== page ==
As you probably know the main change introduced by the patch is removing the use of custom admin frontnames forcing you to base your admin requests off the main admin controllers frontname which is admin by default, so instead of a path like /somefrontname/somecontroller/someaction you instead must use /admin/somecontroller/someaction. I've seen some people saying that you have to now put your admin controllers inside an adminhtml directory, and also that your controller name must be unique. Neither of these are true, but the second does depend on what you are trying to achieve, you see the method you are now forced to use can not only be used to add your own admin request paths, it can also be used to rewrite an existing controller.
So here is a short tutorial on how to update your module to work with SUPEE-6788, hopefully clearing up a few misconceptions along the way.
The first thing to say is that there has been two methods of adding your own admin requests for a long time, so using the method this patch forces you to is nothing new. Granted the documentation released with the patch was far from extensive, and misses out the fact that altering your admin routing may also introduce a requirement to update layout files, calls to generate admin URLs and adminhtml menu additions, on top of config.xml. There was however enough to information to understand the config.xml change needed and so figure out any extra bits that might be needed.
So lets get down to the code. You might currently have a router configured like this in your config.xml:
<?xml version="1.0"?> <config> ... <admin> <routers> <somemodule> <use>admin</use> <args> <module>Namespace_Module</module> <frontName>somemodule</frontName> </args> </somemodule> </routers> </admin> ... </config>
An admin menu item configured liked this in adminhtml.xml:
<?xml version="1.0"?> <config> ... <menu> <sales> <children> <somemodule translate="title"> <title>Menu Title</title> <sort_order>20</sort_order> <action>somemodule/somecontroller/someaction</action> </somemodule> </children> </sales> </menu> ... </config>
Layout handles configured like this in your layout file:
<?xml version="1.0"?> <layout version="0.1.0"> ... <somemodule_somecontroller_someaction> <reference name="content"> ... </reference> </somemodule_somecontroller_someaction> ... </layout>
And calls to generate admin URLs like this:
$url = Mage::helper('adminhtml')->getUrl('somemodule/somecontroller/someaction');
So that's what your module might look like at the moment. To update it to work with the new restrictions in the SUPEE-6788 patch you need to update it as follows. Now you should define your router in config.xml like this:
<?xml version="1.0"?> <config> ... <admin> <routers> <adminhtml> <args> <modules> <Namespace_Module after="Mage_Adminhtml">Namespace_Module</Namespace_Module> </modules> </args> </adminhtml> </routers> </admin> ... </config>
Declaring your router like this means that when looking for a routing match for the Mage_Adminhtml module (which all core admin requests are routed to), your module is also checked for a routing match. In the example above we use after="Mage_Adminhtml" which means Mage_Adminhtml is checked for a match first, then your module if no match was found. You can also use before="Mage_Adminhtml" which will mean your module is checked for a routing match before Mage_Adminhtml. This means that if you have an equivalent controller to one in Mage_Adminhtml then you will rewrite requests to that controller to your module as routing matches your module first and Mage_Adminhtml is not checked.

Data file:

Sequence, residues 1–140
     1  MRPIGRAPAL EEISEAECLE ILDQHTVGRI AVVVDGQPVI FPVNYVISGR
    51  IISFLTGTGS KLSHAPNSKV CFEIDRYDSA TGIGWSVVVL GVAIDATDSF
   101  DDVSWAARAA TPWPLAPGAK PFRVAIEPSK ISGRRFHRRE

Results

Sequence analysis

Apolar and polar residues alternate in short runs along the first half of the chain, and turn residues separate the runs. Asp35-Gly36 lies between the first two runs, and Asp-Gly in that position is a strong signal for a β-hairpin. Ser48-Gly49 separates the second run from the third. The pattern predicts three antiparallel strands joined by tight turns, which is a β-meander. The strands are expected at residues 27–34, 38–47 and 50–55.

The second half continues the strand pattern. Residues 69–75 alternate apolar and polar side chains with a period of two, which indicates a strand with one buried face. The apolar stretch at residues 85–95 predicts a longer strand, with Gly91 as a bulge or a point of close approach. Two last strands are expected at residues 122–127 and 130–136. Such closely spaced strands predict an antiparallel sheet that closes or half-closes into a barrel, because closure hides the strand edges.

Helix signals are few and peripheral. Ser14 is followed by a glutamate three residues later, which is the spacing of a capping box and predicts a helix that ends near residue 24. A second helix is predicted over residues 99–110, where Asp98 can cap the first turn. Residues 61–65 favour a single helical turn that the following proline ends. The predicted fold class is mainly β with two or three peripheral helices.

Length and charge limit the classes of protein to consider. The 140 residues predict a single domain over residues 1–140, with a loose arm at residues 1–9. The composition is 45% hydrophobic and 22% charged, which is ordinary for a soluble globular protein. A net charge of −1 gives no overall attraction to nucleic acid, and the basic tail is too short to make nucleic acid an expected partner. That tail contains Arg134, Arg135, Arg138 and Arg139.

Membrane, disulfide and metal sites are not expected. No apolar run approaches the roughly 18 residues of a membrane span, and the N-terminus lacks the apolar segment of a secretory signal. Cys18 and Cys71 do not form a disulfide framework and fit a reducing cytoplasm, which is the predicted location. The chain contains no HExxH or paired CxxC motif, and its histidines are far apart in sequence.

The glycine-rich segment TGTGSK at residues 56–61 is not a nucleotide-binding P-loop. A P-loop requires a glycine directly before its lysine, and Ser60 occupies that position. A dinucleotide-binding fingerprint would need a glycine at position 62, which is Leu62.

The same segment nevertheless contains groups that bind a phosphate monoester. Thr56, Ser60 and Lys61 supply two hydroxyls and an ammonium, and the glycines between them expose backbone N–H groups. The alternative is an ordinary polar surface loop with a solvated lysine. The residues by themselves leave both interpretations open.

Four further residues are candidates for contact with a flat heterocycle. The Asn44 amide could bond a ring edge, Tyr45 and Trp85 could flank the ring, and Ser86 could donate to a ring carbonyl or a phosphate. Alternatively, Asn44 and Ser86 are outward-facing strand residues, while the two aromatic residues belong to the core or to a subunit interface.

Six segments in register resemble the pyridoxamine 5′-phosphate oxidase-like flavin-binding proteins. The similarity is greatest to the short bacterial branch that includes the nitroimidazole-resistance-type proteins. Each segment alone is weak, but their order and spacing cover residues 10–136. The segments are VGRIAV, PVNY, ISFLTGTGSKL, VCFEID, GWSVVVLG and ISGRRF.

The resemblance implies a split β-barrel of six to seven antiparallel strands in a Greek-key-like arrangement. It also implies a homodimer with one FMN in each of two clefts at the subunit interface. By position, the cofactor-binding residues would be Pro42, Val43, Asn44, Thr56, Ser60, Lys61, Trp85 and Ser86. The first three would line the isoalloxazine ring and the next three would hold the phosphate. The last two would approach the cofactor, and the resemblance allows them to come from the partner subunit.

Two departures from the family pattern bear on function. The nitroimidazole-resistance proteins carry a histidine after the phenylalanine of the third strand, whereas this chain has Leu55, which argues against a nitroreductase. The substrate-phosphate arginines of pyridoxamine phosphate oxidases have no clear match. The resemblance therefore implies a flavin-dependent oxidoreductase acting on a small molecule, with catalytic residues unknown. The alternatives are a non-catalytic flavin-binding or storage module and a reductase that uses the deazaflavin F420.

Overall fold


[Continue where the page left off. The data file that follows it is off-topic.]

So if you want to rewrite a controller use before, but if you just are adding your own controller use after to save the overhead of checking for a match against your module for every admin request.
One other thing to note with declaring routing this way is that you can define the starting directory location for your controllers. So above we have:
This means that controller classes will be searched for in the Namespace/Module/controllers/ directory of you module. If you instead used:
controller classes would then be searched for in the Namespace/Module/controllers/Adminhtml/ directory of your module. This is a fairly popular, but certainly not required way of doing things and probably goes back to a time when this routing request was mainly used just for rewriting controllers, where you may also have defined your own custom routing URL.
With your module routing configured like this, you would add your admin menu item in adminhtml.xml like this:
<?xml version="1.0"?> <config> ... <menu> <sales> <children> <somemodule translate="title"> <title>Menu Title</title> <sort_order>20</sort_order> <action>adminhtml/somecontroller/someaction</action> </somemodule> </children> </sales> </menu> ... </config>
Your layout file would look then like this:
<?xml version="1.0"?> <layout version="0.1.0"> ... <adminhtml_somecontroller_someaction> <reference name="content"> ... </reference> </adminhtml_somecontroller_someaction> ... </layout>
And calls to generate admin URLs would now be:
$url = Mage::helper('adminhtml')->getUrl('adminhtml/somecontroller/someaction');
So to summarise it's as simple as altering the routing in config.xml and then changing frontname references to 'adminhtml' in adminhtml.xml, layout files and calls to getUrl().